I used to lecture myself, Do I really want to waste 3 minutes of my life being annoyed about the toothpaste in the sink? Now, I look at something like that, and almost laugh. It's even kind of precious to me, like Oh, look at this cute evidence of life, of living with those I love! Sound weird?

So I just got the official word, werd, wurd, and I do indeed have breast cancer. It's really hard to sink in. You mean, me? A member of that club? But I'm sure I never sent in my application. Don't you need references? And then, it's kind of like after you have sex for the first time, and you keep expecting to look different, for the world to look different, and yet it just goes on, but still you're not a cancer virgin anymore. Like it or lump it. (Haha, cancer pun.)

I wanted to stand on a mountain and shout it out to everyone, post it on facebook as my status, start wearing a t-shirt with an arrow pointing to my right breast and the words "Cancer Here, Can You Believe It?" in bold, because the disconnect is so disorienting -- that life should go on as always, all around me, when Don't you know, friends, everything has shifted?!!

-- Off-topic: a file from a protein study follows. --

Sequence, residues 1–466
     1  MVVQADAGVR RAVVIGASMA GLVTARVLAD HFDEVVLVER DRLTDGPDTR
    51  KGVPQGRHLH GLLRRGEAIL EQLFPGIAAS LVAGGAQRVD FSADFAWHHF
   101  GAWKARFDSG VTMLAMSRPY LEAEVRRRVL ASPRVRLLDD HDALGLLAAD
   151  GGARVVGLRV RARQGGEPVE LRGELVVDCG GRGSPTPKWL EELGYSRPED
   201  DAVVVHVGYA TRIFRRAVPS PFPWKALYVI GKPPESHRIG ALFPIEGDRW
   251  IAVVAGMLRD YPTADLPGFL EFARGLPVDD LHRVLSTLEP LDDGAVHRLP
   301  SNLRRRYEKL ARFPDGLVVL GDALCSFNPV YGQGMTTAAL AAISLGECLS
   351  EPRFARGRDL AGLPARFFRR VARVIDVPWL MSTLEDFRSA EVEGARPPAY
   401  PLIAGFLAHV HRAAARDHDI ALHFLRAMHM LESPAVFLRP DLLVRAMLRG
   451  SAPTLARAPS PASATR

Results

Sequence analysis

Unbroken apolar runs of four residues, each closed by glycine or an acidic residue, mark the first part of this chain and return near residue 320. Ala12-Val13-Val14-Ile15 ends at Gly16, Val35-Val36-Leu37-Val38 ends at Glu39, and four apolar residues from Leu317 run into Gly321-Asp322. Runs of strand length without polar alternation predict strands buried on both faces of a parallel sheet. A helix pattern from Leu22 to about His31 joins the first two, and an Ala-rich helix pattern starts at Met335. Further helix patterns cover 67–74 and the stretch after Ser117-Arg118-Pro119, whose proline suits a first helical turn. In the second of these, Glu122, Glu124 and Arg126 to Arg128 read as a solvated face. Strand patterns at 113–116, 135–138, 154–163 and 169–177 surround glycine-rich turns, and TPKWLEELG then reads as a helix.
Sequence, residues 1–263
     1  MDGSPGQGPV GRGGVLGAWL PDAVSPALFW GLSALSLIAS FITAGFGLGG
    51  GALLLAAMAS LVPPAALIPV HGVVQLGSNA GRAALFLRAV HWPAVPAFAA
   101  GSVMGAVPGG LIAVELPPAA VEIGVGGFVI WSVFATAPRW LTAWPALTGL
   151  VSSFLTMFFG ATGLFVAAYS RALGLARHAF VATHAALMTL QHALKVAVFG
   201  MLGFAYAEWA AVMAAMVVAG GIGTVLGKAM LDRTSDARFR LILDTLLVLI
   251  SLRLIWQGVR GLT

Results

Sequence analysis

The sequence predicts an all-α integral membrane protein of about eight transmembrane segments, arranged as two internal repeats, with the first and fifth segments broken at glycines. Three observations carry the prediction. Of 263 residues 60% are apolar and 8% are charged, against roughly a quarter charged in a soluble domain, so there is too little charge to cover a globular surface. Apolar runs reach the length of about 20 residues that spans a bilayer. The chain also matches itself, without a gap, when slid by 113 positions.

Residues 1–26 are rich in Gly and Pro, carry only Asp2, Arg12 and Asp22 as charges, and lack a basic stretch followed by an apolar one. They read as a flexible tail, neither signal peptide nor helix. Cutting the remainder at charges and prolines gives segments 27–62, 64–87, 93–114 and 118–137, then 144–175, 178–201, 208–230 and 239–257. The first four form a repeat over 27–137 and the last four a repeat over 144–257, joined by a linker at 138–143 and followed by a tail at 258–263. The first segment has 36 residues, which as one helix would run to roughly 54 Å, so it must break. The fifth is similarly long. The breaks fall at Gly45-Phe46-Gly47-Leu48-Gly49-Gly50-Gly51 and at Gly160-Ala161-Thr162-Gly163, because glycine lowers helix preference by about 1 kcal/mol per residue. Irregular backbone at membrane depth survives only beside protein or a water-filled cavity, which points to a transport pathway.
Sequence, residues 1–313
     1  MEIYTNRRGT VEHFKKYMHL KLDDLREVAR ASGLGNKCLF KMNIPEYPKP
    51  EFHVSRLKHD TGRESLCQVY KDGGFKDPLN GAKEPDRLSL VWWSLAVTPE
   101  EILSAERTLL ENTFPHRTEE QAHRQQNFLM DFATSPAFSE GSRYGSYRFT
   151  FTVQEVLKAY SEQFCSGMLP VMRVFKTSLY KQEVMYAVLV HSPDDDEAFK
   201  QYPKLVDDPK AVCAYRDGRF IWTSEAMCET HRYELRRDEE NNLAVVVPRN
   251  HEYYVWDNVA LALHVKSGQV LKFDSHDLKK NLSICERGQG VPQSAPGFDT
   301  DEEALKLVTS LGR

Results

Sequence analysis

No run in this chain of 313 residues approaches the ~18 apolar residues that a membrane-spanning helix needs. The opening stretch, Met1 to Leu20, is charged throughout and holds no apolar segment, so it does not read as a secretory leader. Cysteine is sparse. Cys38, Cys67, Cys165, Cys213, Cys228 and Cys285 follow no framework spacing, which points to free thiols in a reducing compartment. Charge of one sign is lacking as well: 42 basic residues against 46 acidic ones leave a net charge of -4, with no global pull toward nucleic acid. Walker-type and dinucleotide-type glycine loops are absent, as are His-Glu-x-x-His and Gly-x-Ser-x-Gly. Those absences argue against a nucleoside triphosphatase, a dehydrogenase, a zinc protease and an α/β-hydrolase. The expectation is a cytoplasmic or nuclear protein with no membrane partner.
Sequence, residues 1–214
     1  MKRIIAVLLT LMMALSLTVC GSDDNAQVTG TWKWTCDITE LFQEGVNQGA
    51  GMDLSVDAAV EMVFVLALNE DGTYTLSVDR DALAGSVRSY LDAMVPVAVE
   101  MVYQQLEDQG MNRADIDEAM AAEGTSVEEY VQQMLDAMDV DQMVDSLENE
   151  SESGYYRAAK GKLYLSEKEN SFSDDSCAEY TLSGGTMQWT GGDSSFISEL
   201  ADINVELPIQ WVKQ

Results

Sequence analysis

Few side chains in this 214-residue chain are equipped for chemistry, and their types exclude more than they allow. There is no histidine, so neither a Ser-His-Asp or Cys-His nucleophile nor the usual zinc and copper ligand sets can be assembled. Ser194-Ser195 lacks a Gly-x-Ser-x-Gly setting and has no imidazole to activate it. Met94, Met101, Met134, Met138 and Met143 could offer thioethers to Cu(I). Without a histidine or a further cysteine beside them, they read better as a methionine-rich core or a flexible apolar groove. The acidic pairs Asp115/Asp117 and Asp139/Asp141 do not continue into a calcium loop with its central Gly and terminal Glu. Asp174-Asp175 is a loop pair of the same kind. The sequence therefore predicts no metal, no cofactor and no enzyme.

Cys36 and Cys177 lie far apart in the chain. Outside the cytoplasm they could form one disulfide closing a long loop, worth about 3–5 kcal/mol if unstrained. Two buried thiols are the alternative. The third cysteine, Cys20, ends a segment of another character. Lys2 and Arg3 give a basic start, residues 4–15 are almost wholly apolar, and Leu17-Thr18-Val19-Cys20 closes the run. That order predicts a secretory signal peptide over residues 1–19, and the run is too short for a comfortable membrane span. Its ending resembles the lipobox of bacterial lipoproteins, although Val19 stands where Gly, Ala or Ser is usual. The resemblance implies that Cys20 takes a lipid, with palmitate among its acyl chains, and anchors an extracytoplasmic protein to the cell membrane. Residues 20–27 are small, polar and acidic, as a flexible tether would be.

Here's the poem I wrote in a funky fugue, for my Facebook status yesterday:
* * * * * * * * *
It's positive.
Baking a pumpkin pie from "a real pumpkin" and it smells great.
The sun is shining across my arm, warm, bright.
Kids outside are laughing and calling, rolling wheels scratch on the sidewalk.
Chase is chewing on a bone under the table, at my feet, contented.
The side of my nose itches.
Yep. Still positive.
* * * * * * * * * *

Do you know what I mean?

Of course, I'm super sad and scared.

But that's only some of time. Other times, I seem to be dealing with it automatically in the same way I deal with life and things I have to take care of, generally. Such as, I actually caught myself thinking, Should I finish this hummus off now, since I might not be here tomorrow to eat it? As if I were thinking about clearing the fridge of perishables, before leaving on a journey. I actually followed the last thought with, No, it's okay, I'll still be alive tomorrow. All in my is-it-time-to-put-the-next-load-in-the-washer state of mind. Then two heartbeats later, I felt the craziness of that.

Well, really, I don't intend to die. (But who does?)